Publishing houses want readers to judge a book by its cover, not to mention colored endpapers and deckle edges, the Times’ Julie Bosman reported recently. Unfortunately, beleaguered newspapers cannot adapt this survival strategy.
Recently, the economics of print journalism have become more dire than traditional publishing. The reversal would have seemed ludicrous ten years ago, when newspapers still littered apartment lobbies, brownstone stoops and small-town sidewalks even as the umpteenth death knell was sounded for the novel and, less somberly, the hardcover non-fiction doorstop.
E-books (and “Harry Potter” and “Twilight”) improbably brightened literary print’s prognosis. People were reading again, even if the industry’s lifeblood was funneled through the once-disreputable young adult genre. Still, the situation is dire enough to warrant a new, or renewed, emphasis on books as tactile treasures rather than displays on a minimalist tablet. “If e-books are about ease and expedience,” writes Bosman, “then print books need to be about physical beauty and the pleasures of owning, not just reading. ”
The 925 pages of Haruki Murakami’s much-hyped “1Q84” come wrapped in a translucent jacket sheathing the enigmatic face of a pretty young woman on the cover. “11/22/63,” the latest from Stephen King (who hardly lacks selling power), includes photographs, a rarity for fiction. The oldies are dolled up too, with a fresh translation of “The Iliad” flaunting a silk placeholder, embossing and “extra-heavy” paper stock.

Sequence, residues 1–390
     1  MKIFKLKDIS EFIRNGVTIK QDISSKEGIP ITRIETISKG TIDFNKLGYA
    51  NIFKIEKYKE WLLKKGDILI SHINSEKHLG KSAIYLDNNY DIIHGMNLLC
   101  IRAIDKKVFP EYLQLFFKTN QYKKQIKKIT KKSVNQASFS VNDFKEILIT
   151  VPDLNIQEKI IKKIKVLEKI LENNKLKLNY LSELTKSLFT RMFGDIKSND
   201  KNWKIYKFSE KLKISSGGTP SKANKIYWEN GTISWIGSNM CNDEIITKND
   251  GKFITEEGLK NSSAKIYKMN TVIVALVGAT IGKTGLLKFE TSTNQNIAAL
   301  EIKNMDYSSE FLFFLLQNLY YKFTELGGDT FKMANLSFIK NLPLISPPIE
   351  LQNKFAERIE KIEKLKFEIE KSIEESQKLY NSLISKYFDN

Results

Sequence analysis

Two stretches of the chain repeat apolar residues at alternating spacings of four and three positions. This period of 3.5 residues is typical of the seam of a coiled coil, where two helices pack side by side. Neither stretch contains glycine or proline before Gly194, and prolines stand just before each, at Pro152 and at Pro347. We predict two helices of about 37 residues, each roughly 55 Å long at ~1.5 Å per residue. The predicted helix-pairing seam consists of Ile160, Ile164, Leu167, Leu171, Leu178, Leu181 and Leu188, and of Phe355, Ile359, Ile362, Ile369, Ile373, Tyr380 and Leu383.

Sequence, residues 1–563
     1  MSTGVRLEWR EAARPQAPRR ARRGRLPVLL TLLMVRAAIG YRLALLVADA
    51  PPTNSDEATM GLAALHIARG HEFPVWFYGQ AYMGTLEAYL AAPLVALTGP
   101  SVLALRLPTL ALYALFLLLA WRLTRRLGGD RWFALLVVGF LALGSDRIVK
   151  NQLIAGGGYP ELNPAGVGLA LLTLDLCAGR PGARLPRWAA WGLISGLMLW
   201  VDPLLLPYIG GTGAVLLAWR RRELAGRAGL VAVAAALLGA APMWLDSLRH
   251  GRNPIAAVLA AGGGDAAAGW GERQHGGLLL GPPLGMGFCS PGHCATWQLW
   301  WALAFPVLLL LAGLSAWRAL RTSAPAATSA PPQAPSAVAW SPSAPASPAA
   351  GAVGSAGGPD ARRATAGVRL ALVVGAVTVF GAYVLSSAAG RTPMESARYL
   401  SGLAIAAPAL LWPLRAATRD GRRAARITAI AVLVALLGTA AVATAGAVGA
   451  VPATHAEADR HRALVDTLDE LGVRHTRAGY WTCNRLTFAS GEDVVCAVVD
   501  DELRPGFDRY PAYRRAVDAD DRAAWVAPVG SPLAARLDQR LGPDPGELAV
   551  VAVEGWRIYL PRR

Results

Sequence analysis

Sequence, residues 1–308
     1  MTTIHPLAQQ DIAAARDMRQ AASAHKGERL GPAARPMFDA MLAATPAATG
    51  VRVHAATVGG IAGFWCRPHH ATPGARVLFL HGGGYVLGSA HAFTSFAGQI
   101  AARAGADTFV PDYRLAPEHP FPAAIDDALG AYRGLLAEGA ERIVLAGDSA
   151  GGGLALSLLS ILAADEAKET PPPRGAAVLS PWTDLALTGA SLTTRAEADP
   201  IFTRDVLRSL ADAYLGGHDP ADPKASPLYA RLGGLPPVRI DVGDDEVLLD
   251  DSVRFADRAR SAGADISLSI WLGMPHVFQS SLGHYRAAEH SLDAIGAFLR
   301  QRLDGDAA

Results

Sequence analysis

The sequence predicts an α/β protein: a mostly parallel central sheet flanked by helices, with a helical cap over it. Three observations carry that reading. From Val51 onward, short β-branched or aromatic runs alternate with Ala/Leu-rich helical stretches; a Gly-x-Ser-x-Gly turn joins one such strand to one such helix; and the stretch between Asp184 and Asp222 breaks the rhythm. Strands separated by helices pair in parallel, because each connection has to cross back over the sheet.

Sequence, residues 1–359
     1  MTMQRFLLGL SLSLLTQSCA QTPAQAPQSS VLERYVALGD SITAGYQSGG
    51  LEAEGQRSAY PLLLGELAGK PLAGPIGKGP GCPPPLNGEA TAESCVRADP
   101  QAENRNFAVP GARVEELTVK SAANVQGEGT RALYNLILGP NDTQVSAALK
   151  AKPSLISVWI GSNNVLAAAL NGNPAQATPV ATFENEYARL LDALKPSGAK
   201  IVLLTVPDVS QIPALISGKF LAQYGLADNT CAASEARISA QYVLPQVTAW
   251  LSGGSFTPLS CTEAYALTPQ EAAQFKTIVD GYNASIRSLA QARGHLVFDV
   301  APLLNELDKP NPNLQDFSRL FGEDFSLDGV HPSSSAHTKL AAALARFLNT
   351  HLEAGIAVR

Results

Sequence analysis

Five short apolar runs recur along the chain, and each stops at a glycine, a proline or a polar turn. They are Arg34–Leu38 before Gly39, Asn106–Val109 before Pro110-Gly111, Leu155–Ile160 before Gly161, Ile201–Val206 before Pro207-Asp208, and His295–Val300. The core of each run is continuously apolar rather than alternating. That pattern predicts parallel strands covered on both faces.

In contrast, newspapers have shed weight, width and luster—the papers still in circulation, that is. The Times shrunk one-and-a-half inches width-wise in 2008 (and the Wall Street Journal by twice that) ditched its New York section and folded Sports into Business on weekdays. The next year, it sold advertising space on the once-sacrosanct front page. The paper did ramp up the Thursday Styles section and the glossy T Magazine Sunday supplement, but this was clearly a leaner, if not meaner, paper.
Shrinking circulations and stroke-inducing balance sheets alone don’t account for print journalism’s inability to mimic publishers that cling to design as a life raft. The fourth estate is indispensable. But, unlike a handsome volume of Homer, a paper is fit for the recycling bin the moment its news becomes old, maybe an hour after the typical reader cracks the fold and gives his preferred sections a skim. Aside from the early editions on the rare epochal day—recall the line forming around the block for issues of the Times the morning after Barack Obama was elected first black president—reader ownership does not apply to news.
Another setback is that concise news articles are easily consumed, for free, across a plethora of internet aggregators and an echo chamber of links, recaps and reactions. Despite the Oprah-led revival of the book club, literature is an individual and time-consuming pursuit, and for now unattainable through a two-second Google search. Then there’s the gadget culture that craves slick iPads, Kindles and Nooks, the costly devices that transmit books. Conversely, newspaper articles ricochet about the web able to be intercepted by any Web browser.
Back when it was a young punk upstart, the internet was admired for combining the immediacy of television and the depth of print. The paradox is that the digital realm has preserved and made journalism more accessible—Google News is more convenient than a trip to the newsstand—but at the price of threatening the field’s ability to gather and report news in the first place.
by Billy Gray